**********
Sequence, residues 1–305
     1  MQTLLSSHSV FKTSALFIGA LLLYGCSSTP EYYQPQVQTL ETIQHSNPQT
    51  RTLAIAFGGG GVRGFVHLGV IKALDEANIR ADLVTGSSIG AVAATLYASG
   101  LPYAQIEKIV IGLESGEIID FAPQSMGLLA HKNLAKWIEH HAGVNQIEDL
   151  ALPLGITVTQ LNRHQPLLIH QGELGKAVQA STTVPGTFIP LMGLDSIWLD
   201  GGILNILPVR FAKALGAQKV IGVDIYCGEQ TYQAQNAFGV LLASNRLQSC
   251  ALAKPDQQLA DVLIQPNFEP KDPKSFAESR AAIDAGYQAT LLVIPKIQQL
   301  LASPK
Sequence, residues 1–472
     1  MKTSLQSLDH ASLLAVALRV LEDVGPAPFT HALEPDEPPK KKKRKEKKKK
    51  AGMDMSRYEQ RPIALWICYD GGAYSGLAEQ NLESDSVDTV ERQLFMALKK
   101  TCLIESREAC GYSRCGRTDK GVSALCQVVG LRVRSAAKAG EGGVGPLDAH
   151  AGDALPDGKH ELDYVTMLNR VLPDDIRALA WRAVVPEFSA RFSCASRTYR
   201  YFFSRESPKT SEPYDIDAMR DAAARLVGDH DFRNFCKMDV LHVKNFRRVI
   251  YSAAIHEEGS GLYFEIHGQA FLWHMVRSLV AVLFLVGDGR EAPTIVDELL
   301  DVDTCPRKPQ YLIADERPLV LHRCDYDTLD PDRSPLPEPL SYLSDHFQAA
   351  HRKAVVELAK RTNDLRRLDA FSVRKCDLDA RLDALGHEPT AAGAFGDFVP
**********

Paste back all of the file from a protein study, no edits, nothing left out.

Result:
Sequence, residues 1–305
     1  MQTLLSSHSV FKTSALFIGA LLLYGCSSTP EYYQPQVQTL ETIQHSNPQT
    51  RTLAIAFGGG GVRGFVHLGV IKALDEANIR ADLVTGSSIG AVAATLYASG
   101  LPYAQIEKIV IGLESGEIID FAPQSMGLLA HKNLAKWIEH HAGVNQIEDL
   151  ALPLGITVTQ LNRHQPLLIH QGELGKAVQA STTVPGTFIP LMGLDSIWLD
   201  GGILNILPVR FAKALGAQKV IGVDIYCGEQ TYQAQNAFGV LLASNRLQSC
   251  ALAKPDQQLA DVLIQPNFEP KDPKSFAESR AAIDAGYQAT LLVIPKIQQL
   301  LASPK
Sequence, residues 1–472
     1  MKTSLQSLDH ASLLAVALRV LEDVGPAPFT HALEPDEPPK KKKRKEKKKK
    51  AGMDMSRYEQ RPIALWICYD GGAYSGLAEQ NLESDSVDTV ERQLFMALKK
   101  TCLIESREAC GYSRCGRTDK GVSALCQVVG LRVRSAAKAG EGGVGPLDAH
   151  AGDALPDGKH ELDYVTMLNR VLPDDIRALA WRAVVPEFSA RFSCASRTYR
   201  YFFSRESPKT SEPYDIDAMR DAAARLVGDH DFRNFCKMDV LHVKNFRRVI
   251  YSAAIHEEGS GLYFEIHGQA FLWHMVRSLV AVLFLVGDGR EAPTIVDELL
   301  DVDTCPRKPQ YLIADERPLV LHRCDYDTLD PDRSPLPEPL SYLSDHFQAA
   351  HRKAVVELAK RTNDLRRLDA FSVRKCDLDA RLDALGHEPT AAGAFGDFVP